Hand-book of painting. The Italian schools, Part 2

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lady Elizabeth Eastlake
1874
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Page 570 - Ъу the name of Eclectics, from their having endeavoured to select and unite the best qualities of each of the great masters, combined with the study of nature ; the other class were distinguished by the name of...
Page 562 - ... rather pleasing. The tone is cool. Vasari is not a great painter, but this is a really good example of his work. Vasari does not at all realize that he is one of a declining school. He says calmly : " We paint six pictures in a year, while the earlier masters took six years to one picture, and yet these pictures are much more perfectly executed than those of the early school by the most distinguished masters.
Page 476 - Raphael, inspired with a noble emulation, his practice matured by the execution of several frescoes in the Vatican, treated these new subjects with an elevation of style not perhaps equalled in his former efforts. The highest qualities of these works are undoubtedly addressed to the mind as vivid interpretations of the spirit and letter of Scripture ; but, as examples of Art, they are the most perfect expression of that general grandeur of treatment in form, composition and drapery, which the Italian...
Page 572 - La mossa coll' ombrar Veneziano, E il degno colorir di Lombardia. Di Michel Angiol la terribil via, II vero natural di Tiziano, Del Correggio lo stil puro e sovrano', E di un Rafel la giusta simmetria.
Page 475 - The co-operation of other scholars is also to be recognized, yet in almost all the Cartoons the hand of the master is apparent ; most perhaps in the Calling of Peter (the tapestry from which was to occupy so important a place), and least in the Paul Preaching at Athens, and Christ's Charge to Peter. As designs, they are universally considered the finest inventions of Raphael ; at the time he was commissioned to prepare them, the fame of Michael Angelo's ceiling, in the same chapel they were destined...
Page 572 - Let him who wishes to be a good painter acquire the design of Rome, Venetian action and Venetian management of shade, the dignified...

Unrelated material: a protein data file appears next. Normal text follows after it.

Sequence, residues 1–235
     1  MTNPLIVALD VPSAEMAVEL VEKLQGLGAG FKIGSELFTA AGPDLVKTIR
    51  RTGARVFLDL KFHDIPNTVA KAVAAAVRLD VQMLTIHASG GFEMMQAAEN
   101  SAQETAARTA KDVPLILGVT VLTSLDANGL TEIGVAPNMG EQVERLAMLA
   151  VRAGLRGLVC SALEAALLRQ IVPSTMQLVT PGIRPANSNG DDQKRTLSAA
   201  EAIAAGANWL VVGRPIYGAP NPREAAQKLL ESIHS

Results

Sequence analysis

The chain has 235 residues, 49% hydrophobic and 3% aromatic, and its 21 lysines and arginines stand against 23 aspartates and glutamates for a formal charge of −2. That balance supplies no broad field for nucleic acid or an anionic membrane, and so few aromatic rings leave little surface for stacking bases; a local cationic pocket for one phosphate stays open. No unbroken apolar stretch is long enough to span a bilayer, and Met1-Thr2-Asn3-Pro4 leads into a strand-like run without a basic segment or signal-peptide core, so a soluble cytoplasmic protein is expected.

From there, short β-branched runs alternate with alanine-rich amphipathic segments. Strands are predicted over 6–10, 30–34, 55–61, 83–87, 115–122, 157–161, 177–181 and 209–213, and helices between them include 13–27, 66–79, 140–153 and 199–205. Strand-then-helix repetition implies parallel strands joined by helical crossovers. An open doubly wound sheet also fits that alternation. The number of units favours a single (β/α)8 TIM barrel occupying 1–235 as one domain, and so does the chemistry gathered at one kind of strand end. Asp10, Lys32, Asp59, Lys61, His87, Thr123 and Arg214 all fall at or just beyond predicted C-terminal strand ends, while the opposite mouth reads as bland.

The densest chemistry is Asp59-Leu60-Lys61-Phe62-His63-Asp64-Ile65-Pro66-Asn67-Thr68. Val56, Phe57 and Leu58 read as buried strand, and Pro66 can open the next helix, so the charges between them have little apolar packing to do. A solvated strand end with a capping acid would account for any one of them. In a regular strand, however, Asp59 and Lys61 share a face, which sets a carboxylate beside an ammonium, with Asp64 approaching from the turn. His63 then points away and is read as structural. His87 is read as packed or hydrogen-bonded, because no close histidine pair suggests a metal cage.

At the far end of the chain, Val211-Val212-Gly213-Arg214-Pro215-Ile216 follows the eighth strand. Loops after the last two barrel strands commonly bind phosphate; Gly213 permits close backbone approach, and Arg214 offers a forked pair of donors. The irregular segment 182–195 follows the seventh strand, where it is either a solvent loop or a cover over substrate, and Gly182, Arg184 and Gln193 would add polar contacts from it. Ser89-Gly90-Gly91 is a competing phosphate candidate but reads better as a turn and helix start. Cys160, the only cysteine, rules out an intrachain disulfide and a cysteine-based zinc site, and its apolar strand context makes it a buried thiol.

Page 381 - And I will put enmity between thce and the woman, and between thy seed and her seed ; it shall bruise thy head, and thou shalt bruise his heel.
Page 424 - ... ascribe great importance to the instinctive inspirations of the faculties as the fountains of success in art. The most prominent figure in the picture is the priest, on whose right side stands the Virgin, and behind her five female attendants ; on his left, Joseph, and the same number of male friends. Joseph is in the act of placing the ring on the Virgin's finger. The priest is a pure, amiable, dignified character, with a fine combination of vigour with age. All the other figures represent persons...
Page 476 - ... mind, as vivid interpretations of the spirit and letter of Scripture ; but, as examples of Art, they are the most perfect expression of that general grandeur of treatment in form, composition and drapery which the Italian masters contemplated from the first, as suited to the purposes of religion and the size of the temples destined to receive such works. In the Cartoons this greatness of style, not without a due regard to variety of character, pervades every figure, and is so striking in some...
Page 572 - Raphael; the decorum and wellgrounded study of Tibaldi ; the invention of the learned Primaticcio, and a little of Parmigianino's grace. But without so much study and weary labour, let him apply himself to imitate the works which our Nicolo (dell

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